He pūkenga pūtaiao: Māori women and science
Events for Wāhine: Beyond the dusky maiden, a exhibition that acknowledges and celebrates the mana of Māori women. Includes film screenings at Ngā Taonga.
- Date: Friday, 14 July, 2017
12.10pm to 1.00pm
Te Ahumairangi (ground floor), National Libary, corner Molesworth and Aitken Streets
- Contact Details:
For more information, email ATLOutreach@dia.govt.nz
What’s it like being a Māori woman involved in the world of science?
With so many different layers of society intersecting in their lives, challenges abound for these mana wahine. Chaired by Turnbull librarian Anne Waapu, the panel will explore some of the issues they have faced on their science journeys as Māori, as women.
Come and join in the discussion as we seek to both explore and dispel the possible echoes of dusky maiden-ism in the science world.
About the speakers
Dr. Ocean Mercier (Ngāti Porou)
Based at Te Kawa a Māui, Victoria University since 2005, Ocean has an Honours Degree and PhD in Physics. Her teaching and research interests are varied, but her key focus is how mātauranga Māori and science connect and relate, particularly in educational contexts.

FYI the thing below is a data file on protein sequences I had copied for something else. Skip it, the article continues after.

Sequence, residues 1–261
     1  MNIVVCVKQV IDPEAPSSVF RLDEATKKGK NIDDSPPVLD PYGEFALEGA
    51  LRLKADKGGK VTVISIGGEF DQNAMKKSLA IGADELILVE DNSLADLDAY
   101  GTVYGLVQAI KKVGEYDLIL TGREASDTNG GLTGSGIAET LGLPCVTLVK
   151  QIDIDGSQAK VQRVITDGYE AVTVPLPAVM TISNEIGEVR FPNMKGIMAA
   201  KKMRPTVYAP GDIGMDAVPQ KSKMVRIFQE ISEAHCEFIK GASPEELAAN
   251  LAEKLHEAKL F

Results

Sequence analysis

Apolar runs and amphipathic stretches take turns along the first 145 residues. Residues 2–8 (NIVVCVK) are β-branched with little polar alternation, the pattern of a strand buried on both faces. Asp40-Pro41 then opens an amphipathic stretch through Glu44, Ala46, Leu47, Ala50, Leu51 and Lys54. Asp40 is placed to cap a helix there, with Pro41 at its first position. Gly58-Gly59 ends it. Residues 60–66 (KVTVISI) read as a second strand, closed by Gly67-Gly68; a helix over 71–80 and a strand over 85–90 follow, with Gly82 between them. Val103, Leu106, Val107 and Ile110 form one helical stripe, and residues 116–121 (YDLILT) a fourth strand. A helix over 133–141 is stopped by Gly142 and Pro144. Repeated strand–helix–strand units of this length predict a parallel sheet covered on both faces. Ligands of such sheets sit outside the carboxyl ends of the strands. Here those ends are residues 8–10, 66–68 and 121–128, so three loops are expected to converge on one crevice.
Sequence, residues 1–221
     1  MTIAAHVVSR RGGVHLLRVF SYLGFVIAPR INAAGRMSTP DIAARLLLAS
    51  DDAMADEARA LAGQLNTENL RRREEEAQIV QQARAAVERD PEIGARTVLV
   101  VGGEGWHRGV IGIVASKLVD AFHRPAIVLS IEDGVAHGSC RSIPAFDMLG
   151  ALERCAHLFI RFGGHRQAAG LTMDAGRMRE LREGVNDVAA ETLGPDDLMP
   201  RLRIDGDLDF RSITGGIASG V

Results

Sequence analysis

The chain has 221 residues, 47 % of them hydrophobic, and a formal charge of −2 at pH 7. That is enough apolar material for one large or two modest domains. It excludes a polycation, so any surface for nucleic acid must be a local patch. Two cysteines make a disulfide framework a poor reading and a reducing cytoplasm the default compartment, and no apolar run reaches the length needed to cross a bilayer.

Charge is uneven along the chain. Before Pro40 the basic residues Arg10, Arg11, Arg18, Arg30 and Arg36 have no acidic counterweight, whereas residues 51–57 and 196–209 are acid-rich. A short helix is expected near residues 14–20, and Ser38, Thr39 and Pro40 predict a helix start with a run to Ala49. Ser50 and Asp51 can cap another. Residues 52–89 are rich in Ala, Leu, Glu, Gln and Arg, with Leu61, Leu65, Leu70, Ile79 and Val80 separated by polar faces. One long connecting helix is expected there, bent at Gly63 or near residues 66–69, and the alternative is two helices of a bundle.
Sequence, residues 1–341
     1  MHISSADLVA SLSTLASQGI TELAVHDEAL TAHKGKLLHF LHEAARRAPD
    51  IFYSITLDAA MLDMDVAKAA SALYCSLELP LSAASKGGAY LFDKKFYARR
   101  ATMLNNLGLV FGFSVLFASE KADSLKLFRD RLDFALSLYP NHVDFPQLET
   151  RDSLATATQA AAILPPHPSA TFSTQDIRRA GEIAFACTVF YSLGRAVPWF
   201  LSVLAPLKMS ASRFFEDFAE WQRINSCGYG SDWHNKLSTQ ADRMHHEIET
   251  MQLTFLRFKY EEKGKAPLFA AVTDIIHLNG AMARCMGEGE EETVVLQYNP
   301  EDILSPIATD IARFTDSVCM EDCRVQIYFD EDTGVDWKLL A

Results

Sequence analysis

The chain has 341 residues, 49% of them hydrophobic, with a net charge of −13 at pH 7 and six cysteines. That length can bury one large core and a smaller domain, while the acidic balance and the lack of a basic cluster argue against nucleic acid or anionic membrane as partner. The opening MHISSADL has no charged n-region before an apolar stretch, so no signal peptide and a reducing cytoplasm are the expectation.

Some current kaupapa include co-leading a National Science Challenge project investigating the perceptions of novel biotechnological controls of pest wasps in Aotearoa and exploring the efficacy of digital communication technologies in advancing Indigenous and Māori conversations and interests.
Dr. Hiria McRae (Ngāti Whakaue, Ngāi Tūhoe, Ngāti Kahungunu)
Hiria has a Bachelor’s Degree in Māori, a Diploma in Teaching (primary) and a PhD in Education. A Senior Lecturer in Te Kura Māori, Faculty of Education at Victoria University, her research interests include place-based education and education for sustainability in relation to Māori.
Her PhD thesis “Ngāti Whakaue Iho Ake – An Iwi Science Education Exploration” examined Māori student success in science education.
Pounamu Tipiwai Chambers (Kāi Tahu, Te Whānau-a-Apanui, Ngāti Hineuru)
Pounamu is studying at Victoria University, and is part of Pauline’s programme to help connect young people with Māori astronomy. She is featured in the Wāhine: Beyond the dusky maiden exhibition, and was only 16 when she made her first voyage to Rarotonga on the waka hourua (double-hulled waka) Te Matau a Māui in 2015.
Dr. Pauline Harris (Rongomaiwahine, Ngāti Rakaipaaka, Ngāti Kahungunu)
Pauline has a Master’s Degree in Astronomy and a PhD in Astrophysics. She is currently based in the Science and Society group at Victoria University, where she is dedicated to searching for extra-solar planets and to the collation and revitalisation of Māori astronomical star lore.
Pauline is currently working on a project called "Ngā Takahuringā ō te ao: The effect of climate change on traditional Māori calendars". A collaborative effort between the Society of Māori Astronomy Research and Traditions (SMART) and ʻohana from Hawaiʻi, this project secured a substantial Marsden grant in 2016.